Introduction: Although musculoskeletal disorders (MSD) have been identified as a significant occupational health issue for dental hygienists, few studies have explored this problem among the dental hygiene student population.
Aim: The aim of this study was to investigate the prevalence and correlates of MSD among a selection of undergraduate dental hygiene students in Australia.
Methodology: A self-reporting questionnaire was distributed to dental hygiene students at an Australian university during 2008, from which a response rate of approximately 72% was achieved.
Results: Musculoskeletal disorders were most commonly reported by students at the neck (64.29%), lower back (57.94%) and shoulder (48.41%) regions. Logistic regression indicated various correlations with MSD. Students who did not undertake regular exercise every week experienced an increased risk of lower back pain [Odds Ratio (OR): 4.88, 95% Confidence Interval (CI): 1.75-14.9]. Students undertaking 16-20 h of desk-based study per week were much more likely to report neck pain (OR: 19.7, 95% CI: 1.34-378.94). Working 6-10 h on a computer each week was a risk factor for shoulder (OR: 7.03, 95% CI: 1.42-39.49) and upper back pain (OR: 5.29, 95% CI: 1.21-25.56).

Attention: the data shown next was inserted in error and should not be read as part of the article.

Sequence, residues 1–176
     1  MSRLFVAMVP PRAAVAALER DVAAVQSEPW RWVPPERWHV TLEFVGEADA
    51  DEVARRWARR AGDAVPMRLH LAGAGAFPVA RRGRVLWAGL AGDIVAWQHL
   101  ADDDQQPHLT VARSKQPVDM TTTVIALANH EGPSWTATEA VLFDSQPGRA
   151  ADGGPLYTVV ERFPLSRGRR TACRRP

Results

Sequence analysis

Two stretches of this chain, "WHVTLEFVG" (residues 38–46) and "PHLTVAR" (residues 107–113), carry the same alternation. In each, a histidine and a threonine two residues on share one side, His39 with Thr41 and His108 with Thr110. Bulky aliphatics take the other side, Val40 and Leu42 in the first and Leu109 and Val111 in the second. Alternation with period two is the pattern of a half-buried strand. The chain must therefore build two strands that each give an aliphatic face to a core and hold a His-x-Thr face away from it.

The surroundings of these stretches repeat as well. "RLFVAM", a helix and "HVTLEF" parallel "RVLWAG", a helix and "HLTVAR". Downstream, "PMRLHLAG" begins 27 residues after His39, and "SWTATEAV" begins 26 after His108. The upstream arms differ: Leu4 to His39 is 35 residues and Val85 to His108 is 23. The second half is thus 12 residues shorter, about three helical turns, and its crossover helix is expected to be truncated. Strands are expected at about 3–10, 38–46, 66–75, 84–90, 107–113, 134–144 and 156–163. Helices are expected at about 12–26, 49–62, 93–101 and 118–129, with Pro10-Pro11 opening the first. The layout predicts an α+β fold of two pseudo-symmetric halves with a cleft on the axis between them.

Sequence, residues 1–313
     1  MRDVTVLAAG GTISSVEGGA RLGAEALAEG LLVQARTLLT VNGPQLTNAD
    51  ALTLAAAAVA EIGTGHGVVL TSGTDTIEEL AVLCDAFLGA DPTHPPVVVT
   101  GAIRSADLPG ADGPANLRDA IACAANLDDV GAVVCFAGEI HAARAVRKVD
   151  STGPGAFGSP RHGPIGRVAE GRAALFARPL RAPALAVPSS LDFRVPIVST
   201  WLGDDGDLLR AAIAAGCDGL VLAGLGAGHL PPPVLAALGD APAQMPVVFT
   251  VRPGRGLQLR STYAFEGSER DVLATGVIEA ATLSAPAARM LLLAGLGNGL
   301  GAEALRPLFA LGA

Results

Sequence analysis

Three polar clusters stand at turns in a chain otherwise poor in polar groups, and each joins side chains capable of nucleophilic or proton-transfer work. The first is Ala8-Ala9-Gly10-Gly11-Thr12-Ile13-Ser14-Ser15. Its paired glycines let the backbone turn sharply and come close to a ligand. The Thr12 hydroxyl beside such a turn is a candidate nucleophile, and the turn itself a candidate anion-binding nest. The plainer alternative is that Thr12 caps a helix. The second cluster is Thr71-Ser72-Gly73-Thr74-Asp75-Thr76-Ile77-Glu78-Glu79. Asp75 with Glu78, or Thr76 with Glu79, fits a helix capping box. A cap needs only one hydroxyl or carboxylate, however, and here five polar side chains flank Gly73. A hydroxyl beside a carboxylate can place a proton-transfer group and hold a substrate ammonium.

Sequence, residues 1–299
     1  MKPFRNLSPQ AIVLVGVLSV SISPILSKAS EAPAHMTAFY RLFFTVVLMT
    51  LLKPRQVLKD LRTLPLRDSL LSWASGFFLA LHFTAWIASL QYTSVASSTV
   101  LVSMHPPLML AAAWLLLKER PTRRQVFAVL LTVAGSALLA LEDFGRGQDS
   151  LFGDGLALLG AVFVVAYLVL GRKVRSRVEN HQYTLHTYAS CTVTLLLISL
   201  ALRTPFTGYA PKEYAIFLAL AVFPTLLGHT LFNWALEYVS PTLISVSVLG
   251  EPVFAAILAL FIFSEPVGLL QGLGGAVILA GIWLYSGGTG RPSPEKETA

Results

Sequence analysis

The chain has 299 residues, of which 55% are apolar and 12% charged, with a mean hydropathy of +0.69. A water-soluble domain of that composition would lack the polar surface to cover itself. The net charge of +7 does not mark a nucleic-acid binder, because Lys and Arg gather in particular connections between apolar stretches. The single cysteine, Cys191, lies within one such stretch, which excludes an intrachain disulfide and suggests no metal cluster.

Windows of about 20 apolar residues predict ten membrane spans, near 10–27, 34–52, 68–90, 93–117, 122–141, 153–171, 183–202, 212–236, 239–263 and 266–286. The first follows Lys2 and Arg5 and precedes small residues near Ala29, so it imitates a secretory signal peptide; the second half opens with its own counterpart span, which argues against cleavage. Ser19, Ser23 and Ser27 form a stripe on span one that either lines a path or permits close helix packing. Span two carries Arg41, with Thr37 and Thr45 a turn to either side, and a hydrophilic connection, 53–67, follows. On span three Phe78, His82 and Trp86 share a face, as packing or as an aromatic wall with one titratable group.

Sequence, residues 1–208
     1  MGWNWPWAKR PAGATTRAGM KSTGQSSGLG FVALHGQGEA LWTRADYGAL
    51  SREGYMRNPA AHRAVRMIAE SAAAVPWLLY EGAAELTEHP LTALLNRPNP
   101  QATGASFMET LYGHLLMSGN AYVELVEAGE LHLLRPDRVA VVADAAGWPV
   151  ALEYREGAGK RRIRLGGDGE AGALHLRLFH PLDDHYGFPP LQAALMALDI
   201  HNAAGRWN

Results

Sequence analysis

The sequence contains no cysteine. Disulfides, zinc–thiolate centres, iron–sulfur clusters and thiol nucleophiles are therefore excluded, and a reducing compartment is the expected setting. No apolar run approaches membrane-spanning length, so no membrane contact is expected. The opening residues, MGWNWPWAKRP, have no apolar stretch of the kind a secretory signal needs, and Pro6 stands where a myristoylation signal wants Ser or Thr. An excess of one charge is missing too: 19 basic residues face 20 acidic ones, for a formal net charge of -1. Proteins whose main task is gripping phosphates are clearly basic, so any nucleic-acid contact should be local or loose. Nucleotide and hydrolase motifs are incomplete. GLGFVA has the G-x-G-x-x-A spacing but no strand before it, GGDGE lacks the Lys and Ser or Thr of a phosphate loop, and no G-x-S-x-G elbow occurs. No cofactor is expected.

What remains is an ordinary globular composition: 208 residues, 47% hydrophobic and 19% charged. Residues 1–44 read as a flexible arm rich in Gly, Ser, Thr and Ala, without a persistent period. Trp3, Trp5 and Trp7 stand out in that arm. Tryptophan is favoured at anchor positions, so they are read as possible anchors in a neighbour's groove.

Conclusions: Overall, this study suggests that MSD are a reasonably common problem for dental hygiene students in Australia. As such, further studies are required to establish epidemiological patterns of MSD, and our profession will need to carefully consider preventive strategies to help minimize the impact of this important occupational health issue on the next generation of dental hygienists.